Yesterday Kate Hosford, author of the Carolrhoda picture books Big Bouffant and Big Birthday, pointed me to a blog post by Laura Purdie Salas. One of Laura’s daughters shares the name Annabelle with the daringly nonconformist protagonist of Kate’s books, and although the real-world Annabelle is 19, it turns out they also share a fondness for red polka-dotted dresses! Laura writes about reading Big Birthday with her grown-up Annabelle over brownies and enjoying these coincidences.
Kate was excited to see the book being enjoyed by an older audience. I loved it too—largely, I admit, because I like the idea of having my own mom read a picture book while we eat dessert! But brownies or not, there’s something to this.
Any children’s picture book worth its paper should certainly captivate young readers with the cadence of the text, the story it tells, and the art and design of the pages. We create picture books that are short enough to hold a young reader’s attention and that keep the language and the art kid-friendly. These books pave the way for children to advance their reading skills, and they provide invaluable opportunities for bonding between the reader and a younger child.
But it’s unfortunate that the kid-friendliness of picture books often translates into the notion that adults do not or should not enjoy them just as much without young children around. Picture books texts, whether rhyming or not, involve a certain poetry. The more limited the text, the more thought put in to each word selected and the weaving of those words into a narrative. Take a spread from Laura Purdie Salas’s gorgeous, poetic book A Leaf Can Be . . ., for example:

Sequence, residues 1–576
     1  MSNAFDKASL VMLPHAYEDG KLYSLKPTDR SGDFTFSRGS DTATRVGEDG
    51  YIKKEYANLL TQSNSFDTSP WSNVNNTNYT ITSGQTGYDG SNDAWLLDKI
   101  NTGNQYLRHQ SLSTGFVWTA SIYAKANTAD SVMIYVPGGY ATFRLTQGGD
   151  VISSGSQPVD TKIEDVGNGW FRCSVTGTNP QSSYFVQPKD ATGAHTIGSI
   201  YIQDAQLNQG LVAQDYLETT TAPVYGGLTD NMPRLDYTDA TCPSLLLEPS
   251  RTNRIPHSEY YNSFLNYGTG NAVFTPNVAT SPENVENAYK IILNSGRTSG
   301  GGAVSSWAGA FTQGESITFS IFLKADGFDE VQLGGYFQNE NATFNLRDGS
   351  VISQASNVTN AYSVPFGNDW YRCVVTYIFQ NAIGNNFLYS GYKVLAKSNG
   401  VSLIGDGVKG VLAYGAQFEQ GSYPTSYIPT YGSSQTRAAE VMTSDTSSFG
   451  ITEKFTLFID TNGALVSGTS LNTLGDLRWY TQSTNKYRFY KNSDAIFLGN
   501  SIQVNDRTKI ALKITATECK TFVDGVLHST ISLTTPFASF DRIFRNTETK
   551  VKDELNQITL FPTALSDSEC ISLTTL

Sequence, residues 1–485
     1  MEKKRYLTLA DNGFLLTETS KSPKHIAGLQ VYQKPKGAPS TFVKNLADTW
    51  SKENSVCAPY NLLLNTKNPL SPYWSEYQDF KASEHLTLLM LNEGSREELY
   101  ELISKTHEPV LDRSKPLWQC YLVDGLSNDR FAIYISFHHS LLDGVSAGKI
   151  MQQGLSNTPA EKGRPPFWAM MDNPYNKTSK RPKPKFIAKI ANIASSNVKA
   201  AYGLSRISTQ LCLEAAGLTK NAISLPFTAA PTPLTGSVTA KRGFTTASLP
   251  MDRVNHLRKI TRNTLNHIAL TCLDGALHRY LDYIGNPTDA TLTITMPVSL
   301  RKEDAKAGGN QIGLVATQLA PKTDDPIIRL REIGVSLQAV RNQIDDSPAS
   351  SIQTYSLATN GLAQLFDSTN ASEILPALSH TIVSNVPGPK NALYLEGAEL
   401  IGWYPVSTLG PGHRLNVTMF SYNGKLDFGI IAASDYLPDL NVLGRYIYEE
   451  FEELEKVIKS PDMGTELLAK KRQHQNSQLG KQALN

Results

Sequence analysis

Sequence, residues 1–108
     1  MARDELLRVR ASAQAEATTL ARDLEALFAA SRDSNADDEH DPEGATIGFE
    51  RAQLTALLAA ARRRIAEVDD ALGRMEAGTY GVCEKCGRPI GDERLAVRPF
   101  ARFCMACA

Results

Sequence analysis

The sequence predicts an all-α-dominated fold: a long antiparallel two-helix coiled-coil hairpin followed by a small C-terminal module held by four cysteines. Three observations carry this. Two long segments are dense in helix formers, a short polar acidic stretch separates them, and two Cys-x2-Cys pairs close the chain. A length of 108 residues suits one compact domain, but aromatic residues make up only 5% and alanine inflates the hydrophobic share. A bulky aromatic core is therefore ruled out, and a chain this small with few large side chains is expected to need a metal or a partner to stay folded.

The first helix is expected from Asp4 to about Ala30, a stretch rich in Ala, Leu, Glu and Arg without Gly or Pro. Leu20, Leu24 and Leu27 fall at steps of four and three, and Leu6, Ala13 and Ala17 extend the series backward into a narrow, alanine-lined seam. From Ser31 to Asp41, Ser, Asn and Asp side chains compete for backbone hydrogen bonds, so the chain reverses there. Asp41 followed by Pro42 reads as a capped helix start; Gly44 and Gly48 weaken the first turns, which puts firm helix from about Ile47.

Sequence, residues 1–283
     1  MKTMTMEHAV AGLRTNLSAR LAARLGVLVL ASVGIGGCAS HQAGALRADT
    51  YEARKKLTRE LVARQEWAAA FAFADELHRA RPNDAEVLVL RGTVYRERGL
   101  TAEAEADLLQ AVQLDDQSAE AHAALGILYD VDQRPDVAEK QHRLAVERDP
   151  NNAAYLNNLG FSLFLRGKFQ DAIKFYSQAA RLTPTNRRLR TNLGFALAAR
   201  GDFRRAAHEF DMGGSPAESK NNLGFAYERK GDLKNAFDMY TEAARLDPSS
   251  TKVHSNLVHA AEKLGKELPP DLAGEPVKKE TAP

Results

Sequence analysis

You can be quite sure the two words on each page were given substantial consideration! (For more on this book, see Carol’s previous posts.) So why shouldn’t we, as adults with scrutinizing eyes and ears, enjoy such carefully crafted language? Shouldn’t we enjoy it that much more? Perhaps it’s a stretch for me to count the Winnie the Pooh books as picture books, but I adore them even more now than I did as a child—I marvel at A. A. Milne’s understated humor and dialogue.
But the real magic of a picture book, of course, is how the illustrations and text pair to bring the story to life. As Kate Hosford noted to me, “in reality, the addition of pictures usually adds to the sophistication of the book rather than detracts from it.” Sophistication, meaning, and especially humor—I’d argue that the interplay of text and illustrations highlights these in a way that adults can (and should!) appreciate with wonder.
So why not? Lerner’s various imprints include a wide array of picture books well worth marveling (and there are more on the way that I’m dying to share). Go grab a book, a brownie, and perhaps another grown-up, and enjoy.